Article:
How does a mutex lock work?
Mutex lock will only be released by the thread who locked it. So this ensures that once a thread has locked a piece of code then no other thread can execute the same region until it is unlocked by the thread who locked it.
What happens when mutex is locked?
Mutexes are used to protect shared resources. If the mutex is already locked by another thread, the thread waits for the mutex to become available. The thread that has locked a mutex becomes its current owner and remains the owner until the same thread has unlocked it.
How do you make a mutex lock?
What you need to do is to call pthread_mutex_lock to secure a mutex, like this: pthread_mutex_lock(&mutex); Once you do this, any other calls to pthread_mutex_lock(mutex) will not return until you call pthread_mutex_unlock in this thread.
What is mutex lock in OS?
Strictly speaking, a mutex is a locking mechanism used to synchronize access to a resource. Only one task (can be a thread or process based on OS abstraction) can acquire the mutex. It means there is ownership associated with a mutex, and only the owner can release the lock (mutex).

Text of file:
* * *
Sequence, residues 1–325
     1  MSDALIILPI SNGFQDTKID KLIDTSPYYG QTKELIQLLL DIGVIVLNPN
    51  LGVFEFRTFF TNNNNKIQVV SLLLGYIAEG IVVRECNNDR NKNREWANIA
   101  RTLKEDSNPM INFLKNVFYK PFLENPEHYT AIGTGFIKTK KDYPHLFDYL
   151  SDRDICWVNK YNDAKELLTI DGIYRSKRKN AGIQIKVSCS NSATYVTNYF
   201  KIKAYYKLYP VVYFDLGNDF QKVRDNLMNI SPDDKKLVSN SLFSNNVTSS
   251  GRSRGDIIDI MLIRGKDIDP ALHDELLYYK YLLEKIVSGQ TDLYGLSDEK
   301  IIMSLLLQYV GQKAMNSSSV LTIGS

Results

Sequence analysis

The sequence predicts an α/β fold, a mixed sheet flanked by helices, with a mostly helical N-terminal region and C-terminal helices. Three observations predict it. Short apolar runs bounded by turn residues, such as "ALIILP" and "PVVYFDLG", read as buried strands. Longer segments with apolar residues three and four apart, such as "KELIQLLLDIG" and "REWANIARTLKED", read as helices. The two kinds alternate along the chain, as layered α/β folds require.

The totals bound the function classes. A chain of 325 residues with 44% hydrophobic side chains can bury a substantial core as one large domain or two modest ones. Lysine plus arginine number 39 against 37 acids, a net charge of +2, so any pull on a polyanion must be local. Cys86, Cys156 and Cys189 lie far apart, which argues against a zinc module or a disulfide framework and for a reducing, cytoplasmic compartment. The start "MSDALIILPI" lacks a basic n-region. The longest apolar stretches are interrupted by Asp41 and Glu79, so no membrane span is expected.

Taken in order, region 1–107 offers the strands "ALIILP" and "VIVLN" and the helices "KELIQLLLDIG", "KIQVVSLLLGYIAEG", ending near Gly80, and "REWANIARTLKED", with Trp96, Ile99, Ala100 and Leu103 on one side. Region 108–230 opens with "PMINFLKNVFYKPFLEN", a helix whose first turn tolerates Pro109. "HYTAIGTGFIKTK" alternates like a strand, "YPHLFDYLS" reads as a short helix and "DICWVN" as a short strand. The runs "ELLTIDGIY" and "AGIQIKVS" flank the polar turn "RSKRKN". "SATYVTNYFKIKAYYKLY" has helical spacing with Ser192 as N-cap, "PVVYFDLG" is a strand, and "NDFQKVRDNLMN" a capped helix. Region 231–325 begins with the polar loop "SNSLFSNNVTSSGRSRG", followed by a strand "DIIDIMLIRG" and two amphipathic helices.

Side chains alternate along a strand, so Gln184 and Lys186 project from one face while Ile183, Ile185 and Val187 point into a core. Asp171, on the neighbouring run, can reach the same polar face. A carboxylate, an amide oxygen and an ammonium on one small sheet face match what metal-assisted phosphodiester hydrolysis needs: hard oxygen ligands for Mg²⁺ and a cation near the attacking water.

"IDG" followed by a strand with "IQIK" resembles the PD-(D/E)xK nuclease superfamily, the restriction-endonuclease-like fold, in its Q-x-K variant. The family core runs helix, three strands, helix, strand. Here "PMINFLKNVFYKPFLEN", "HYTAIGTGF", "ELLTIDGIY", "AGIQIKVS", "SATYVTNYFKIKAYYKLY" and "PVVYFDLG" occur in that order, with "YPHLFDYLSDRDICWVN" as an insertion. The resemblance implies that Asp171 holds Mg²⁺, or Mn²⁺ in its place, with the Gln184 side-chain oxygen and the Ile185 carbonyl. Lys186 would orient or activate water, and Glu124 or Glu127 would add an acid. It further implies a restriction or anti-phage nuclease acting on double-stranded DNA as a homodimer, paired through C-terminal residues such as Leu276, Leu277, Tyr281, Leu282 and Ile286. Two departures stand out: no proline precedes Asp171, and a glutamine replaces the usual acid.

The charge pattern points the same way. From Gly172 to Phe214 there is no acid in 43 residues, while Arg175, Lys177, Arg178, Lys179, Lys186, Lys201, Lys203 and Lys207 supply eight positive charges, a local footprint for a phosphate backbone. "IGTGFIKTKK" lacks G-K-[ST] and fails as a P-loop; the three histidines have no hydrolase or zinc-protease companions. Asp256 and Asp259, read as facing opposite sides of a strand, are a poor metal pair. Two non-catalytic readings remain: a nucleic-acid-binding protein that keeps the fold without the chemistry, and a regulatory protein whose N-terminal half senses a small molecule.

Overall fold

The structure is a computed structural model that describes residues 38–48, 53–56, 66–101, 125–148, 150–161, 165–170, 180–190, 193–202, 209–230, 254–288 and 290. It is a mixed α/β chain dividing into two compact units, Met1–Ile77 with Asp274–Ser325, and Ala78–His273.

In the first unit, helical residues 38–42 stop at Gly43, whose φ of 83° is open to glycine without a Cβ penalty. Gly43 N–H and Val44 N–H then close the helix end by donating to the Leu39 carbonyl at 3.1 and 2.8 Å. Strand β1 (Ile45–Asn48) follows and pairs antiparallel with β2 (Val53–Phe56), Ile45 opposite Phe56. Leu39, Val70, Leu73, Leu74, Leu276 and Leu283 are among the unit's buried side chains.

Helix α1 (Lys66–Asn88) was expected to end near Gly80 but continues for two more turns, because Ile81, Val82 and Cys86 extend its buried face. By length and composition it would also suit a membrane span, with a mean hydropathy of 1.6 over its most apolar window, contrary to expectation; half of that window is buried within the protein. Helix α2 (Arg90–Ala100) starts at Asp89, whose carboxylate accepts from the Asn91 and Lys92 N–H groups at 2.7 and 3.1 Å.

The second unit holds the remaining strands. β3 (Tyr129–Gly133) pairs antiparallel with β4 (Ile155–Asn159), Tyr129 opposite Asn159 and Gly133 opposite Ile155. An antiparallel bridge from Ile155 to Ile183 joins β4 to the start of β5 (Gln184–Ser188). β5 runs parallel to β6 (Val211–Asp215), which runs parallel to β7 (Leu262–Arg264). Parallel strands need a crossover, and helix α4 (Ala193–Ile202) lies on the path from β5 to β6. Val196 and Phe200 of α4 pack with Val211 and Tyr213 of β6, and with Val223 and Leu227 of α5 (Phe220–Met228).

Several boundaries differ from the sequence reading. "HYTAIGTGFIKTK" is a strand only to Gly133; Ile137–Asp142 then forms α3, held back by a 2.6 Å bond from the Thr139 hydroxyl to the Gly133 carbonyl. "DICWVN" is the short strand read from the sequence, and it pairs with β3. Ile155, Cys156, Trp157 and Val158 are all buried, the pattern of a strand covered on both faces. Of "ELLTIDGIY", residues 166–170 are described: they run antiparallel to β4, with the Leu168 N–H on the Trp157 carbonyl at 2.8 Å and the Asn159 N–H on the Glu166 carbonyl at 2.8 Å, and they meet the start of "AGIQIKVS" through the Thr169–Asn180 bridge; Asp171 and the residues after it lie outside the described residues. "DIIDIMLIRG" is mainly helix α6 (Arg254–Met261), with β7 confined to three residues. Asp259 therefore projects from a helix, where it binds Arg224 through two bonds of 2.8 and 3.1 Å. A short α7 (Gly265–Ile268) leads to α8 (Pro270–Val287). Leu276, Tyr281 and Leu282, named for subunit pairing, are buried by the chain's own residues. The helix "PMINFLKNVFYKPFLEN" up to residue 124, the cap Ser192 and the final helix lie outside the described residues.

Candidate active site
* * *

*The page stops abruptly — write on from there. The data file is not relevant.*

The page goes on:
Can pthread_mutex_lock fail?
The mutex was created with the protocol attribute having the value PTHREAD_PRIO_PROTECT and the calling thread’s priority is higher than the mutex’s current priority ceiling. The pthread_mutex_lock() function may fail if: [EDEADLK] A deadlock condition was detected or the current thread already owns the mutex.
When should you use a mutex lock?
Mutex: Use a mutex when you (thread) want to execute code that should not be executed by any other thread at the same time. Mutex ‘down’ happens in one thread and mutex ‘up’ must happen in the same thread later on.
Can we use mutex between processes?
Mutexes can synchronize threads within the same process or in other processes. Mutexes can be used to synchronize threads between processes if the mutexes are allocated in writable memory and shared among the cooperating processes (see mmap(2)), and have been initialized for this task.
Why is mutex expensive?
Mutex can be considered as an integer in memory. A thread trying to lock on a mutex has to read the existing state of the mutex and can set it depending on the value read. The overall costs of using a mutex sums up to the test-and-set operation and the system calls used to implement the mutex.